3 years ago

The genus Lycium as food and medicine: A botanical, ethnobotanical and historical review

The genus Lycium as food and medicine: A botanical, ethnobotanical and historical review
Lycium is widely distributed in the arid to semi-arid environments of North and South America, Africa, and Eurasia. In recent years, Lycium barbarum and L. chinense have been advertised as “superfood” with healthy properties. Despite of its popularity, there is a lack of an integrated and critical appraisal of the existing evidence for the use of Lycium. Aim of the study There is a need to understand: 1) Which species were used and how the uses of Lycium developed spatially and over time, 2) how uses differ among regions with different culture backgrounds, and 3) how traditional and current therapeutic and preventive health claims correlate with pharmacological findings. Methods Information was retrieved from floras, taxonomic, botanical, and ethnobotanical databases, research articles, recent editions of historical Chinese herbals over the last 2000 years, and pharmacopoeias. Results Of totally 97 species, 31 have recorded uses as food and/or medicine worldwide. Usually the fruits are used. While 85% of the Lycium species occur in the Americas and Africa, 26% of them are used, but 9 out of 14 species in Eurasia. In China, seven species and two varieties of the genus Lycium occur, of which four species have been used by different ethnic groups. Only L. barbarum and L. chinense have been transformed into globally traded commodities. In China, based on the name “枸杞”, their use can be traced back over the last two millennia. Lycium fruits for anti-aging, improving eyesight and nourishment were documented already in 500C.E. (Mingyi Bielu). Recent findings explain the pharmacological foundations of the traditional uses. Especially polysaccharides, zeaxanthin dipalmitate, vitamins, betaine, and mixed extracts were reported to be responsible for anti-aging, improving eyesight, and anti-fatigue effects. Conclusions The integration of historical, ethnobotanical, botanical, phytochemical and pharmacological data has enabled a detailed understanding of Lycium and its wider potential. It highlights that the focus so far has only been on two species and that the genus can potentially yield a wide range of other products with different properties.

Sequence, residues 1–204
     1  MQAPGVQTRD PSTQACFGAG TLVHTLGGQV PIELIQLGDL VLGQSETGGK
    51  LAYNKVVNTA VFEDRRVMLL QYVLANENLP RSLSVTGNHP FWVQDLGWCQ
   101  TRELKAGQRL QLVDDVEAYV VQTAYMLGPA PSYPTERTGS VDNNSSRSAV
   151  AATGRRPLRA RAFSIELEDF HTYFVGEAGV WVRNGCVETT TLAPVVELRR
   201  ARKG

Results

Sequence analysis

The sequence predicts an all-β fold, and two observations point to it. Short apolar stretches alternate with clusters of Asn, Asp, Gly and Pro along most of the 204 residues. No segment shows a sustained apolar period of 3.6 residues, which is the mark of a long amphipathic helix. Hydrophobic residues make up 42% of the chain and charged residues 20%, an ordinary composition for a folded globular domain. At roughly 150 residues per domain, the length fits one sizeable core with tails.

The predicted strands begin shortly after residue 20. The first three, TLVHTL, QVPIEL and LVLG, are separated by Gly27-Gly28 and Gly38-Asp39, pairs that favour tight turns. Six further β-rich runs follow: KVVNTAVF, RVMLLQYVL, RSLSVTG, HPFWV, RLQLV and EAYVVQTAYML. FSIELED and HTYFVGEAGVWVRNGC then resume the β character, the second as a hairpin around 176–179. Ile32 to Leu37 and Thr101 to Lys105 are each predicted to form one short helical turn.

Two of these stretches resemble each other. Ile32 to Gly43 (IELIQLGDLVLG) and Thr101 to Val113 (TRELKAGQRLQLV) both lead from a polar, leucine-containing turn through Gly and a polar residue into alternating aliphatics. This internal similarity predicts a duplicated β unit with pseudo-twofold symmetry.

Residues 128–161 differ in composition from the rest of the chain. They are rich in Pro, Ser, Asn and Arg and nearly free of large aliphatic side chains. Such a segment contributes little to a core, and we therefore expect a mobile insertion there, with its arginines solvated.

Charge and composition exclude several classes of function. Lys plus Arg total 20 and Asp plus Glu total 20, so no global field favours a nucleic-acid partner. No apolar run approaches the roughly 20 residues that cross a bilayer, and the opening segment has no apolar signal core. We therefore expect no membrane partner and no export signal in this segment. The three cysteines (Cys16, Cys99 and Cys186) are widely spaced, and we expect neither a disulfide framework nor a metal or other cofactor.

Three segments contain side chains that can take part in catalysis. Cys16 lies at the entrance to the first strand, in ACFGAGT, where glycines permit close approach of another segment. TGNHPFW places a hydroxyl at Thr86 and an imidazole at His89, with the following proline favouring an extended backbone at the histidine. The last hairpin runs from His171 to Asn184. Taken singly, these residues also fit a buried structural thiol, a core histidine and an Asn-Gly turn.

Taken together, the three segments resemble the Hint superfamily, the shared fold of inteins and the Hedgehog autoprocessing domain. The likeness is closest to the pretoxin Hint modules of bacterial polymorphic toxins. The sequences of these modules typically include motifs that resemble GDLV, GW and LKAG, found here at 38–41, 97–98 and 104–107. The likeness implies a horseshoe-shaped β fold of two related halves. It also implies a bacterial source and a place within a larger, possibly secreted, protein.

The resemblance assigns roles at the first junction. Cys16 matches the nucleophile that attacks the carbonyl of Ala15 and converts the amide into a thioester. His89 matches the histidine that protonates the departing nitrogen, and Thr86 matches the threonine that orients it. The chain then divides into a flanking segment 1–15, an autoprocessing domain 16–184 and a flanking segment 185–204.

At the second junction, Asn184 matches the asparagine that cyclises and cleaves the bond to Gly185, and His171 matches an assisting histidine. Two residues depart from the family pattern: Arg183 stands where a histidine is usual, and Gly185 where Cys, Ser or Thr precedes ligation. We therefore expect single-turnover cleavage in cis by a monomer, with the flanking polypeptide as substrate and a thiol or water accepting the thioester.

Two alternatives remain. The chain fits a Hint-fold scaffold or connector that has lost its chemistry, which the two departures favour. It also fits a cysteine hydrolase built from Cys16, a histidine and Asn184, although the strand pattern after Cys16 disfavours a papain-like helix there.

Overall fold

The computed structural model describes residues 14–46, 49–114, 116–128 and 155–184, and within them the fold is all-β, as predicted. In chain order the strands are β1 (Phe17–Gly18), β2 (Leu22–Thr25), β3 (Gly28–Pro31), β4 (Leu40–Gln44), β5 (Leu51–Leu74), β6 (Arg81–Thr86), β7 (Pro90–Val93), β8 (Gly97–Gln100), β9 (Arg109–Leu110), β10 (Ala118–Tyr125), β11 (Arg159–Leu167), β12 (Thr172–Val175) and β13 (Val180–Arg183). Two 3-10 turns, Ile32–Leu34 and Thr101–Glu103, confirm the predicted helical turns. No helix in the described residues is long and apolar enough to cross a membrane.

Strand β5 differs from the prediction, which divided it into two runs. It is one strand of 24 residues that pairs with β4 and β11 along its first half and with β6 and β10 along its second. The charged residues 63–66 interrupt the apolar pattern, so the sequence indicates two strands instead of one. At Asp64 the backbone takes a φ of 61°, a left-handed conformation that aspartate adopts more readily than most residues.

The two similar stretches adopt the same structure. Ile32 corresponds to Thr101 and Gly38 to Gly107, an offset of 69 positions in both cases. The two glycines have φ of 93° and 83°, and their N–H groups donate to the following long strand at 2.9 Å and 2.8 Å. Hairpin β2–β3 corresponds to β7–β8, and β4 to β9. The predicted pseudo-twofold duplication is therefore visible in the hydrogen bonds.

Publisher URL: www.sciencedirect.com/science

DOI: S0378874117327149

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